You can win the game If you can set up an imprinted Isochron Scepter and a Sol Ring (or any rock that makes 2+ mana) alongside Aetherflux Reservoir and Paradox Engine. You can also swap in a Dramatic Reversal under the Scepter instead of needing Engine. It's a lot of pieces but it assures a win and is probably your end target during a convoluted combo turn.  

Counterspells 

 

Now that we know our win conditions, how exactly do we ensure that we can live long enough to cast those? The answer to that is simple, its Nope! Nope! Nope! . I’m just kidding, but we will be countering their spells that offer too much harm to us. Counterspell, Force of Will, and Pact of Negation are my personal favorites. Nothing feels better than having one of your opponents see that you are tapped out, and cast a massive spell, expecting nothing to happen, when you cast Pact of Negation or Force of Will, disrupting their entire plan. Since we do not run an infinite supply of counterspells, make sure to save your counterspells for the juiciest targets. Playing against a variety of decks will help you to realize what is the most damaging to our deck, and what will allow us to live and cast our game breaking combos.


Removal

Our main removal spells come in the forms of Cyclonic Rift (hopefully overloaded), Pongify, and Snap. While Cyclonic Rift and Snap are temporary removal spells, these spells can offer us an additional turn to live or a chace to lineup a counterspell for when they recast it. Pongify, while being a one of a kind blue removal spell, can easily be tutored out of our deck with Mystical Tutor, Spellseeker, and Merchant Scroll.


Tips

Before we conclude, there are a couple of key cards I would like to explain.

  • Tutoring for all parts of the Paradox Engine combo can be done with Whir of Invention and Reshape but it is sometimes right to wait as long as possible on these tutors so you know what piece you'll end up needing when its go time.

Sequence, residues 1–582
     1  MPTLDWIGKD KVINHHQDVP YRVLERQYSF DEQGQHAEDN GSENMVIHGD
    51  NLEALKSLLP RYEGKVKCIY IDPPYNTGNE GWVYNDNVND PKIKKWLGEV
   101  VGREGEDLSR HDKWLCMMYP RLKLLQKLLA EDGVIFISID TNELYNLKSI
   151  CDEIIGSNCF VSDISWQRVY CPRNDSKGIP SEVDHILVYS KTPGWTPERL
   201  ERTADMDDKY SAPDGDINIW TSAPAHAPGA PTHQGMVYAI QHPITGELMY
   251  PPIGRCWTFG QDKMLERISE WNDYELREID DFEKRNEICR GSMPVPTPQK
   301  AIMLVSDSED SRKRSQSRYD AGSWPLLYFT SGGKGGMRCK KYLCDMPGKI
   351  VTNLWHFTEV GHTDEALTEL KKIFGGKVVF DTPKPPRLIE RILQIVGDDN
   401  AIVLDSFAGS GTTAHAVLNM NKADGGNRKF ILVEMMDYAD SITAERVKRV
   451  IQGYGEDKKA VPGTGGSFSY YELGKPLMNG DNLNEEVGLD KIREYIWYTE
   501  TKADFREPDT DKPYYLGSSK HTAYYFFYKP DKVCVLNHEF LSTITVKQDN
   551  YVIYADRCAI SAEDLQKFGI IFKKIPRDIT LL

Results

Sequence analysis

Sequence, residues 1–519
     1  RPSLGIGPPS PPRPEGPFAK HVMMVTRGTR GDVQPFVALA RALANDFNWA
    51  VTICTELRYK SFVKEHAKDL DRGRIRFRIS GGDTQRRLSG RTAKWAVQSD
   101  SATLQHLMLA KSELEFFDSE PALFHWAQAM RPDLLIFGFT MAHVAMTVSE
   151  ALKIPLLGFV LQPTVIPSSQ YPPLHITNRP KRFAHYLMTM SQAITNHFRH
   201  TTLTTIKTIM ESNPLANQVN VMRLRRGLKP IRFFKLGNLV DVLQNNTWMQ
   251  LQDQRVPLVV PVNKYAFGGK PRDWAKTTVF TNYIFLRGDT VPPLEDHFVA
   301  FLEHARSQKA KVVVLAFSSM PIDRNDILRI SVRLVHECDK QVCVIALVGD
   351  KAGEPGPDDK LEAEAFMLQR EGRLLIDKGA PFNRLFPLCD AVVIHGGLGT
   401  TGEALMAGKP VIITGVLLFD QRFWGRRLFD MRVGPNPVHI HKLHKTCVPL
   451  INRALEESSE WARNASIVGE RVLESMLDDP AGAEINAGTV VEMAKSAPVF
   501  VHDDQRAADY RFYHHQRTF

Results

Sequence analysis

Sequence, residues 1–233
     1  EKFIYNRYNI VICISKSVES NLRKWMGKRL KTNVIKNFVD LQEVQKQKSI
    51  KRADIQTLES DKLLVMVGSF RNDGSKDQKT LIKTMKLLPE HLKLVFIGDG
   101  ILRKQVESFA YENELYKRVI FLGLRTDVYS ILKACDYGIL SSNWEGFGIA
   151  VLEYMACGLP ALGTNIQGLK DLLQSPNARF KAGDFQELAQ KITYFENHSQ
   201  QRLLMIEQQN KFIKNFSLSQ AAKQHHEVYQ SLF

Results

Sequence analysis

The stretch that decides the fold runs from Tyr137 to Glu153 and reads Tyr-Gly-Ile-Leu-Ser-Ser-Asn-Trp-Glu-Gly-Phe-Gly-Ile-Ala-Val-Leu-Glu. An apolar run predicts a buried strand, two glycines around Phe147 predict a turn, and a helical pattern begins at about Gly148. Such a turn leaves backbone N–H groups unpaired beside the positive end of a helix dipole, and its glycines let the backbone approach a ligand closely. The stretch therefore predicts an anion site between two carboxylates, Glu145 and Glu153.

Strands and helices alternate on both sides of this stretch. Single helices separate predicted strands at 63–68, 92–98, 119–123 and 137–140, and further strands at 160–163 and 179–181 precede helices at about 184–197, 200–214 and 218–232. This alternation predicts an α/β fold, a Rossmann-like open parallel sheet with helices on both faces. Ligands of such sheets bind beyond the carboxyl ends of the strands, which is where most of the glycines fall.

• Enter the Infinite allows us to grab every card in our deck, but I didn't want to waste a spot on Laboratory Maniac, this should really only be cast with a High Tide and enough mana to trigger the Palinchron combo.
  • Do not be afraid to cast Blue Sun's Zenith without the combo! This spell shuffles back into our library, and offers us a lot of card draw with the right amount of mana. This can later be tutored out of our deck when we have the combo ready. If it gets countered, it won't shuffle back in, so be careful of counterspells but besides that, you're safe. 
  • Make sure you make friends with your opponents. This way we can be confident in playing Intuition. Just be very careful if you are grabbing combo pieces with Intuition. Then you might be nobody's friend. 

Conclusion

Jace VP is a very fun commander to play. Politics with this deck can be essential to us winning! Please be sure to converse with your opponents to see if you can benefit by countering certain spells. This politicking can often turn our opponents attention off of us while we dig through our deck for our combo! Overall I suggest this deck for anyone who is a fan of control decks, and who is looking for a fun and consistent way to win, and for anyone who enjoys heavy card draw and card cycling. This deck has provided me with a handful of very enjoyable wins. Thank you for reading this article, and I look forward to sharing more with you in the future!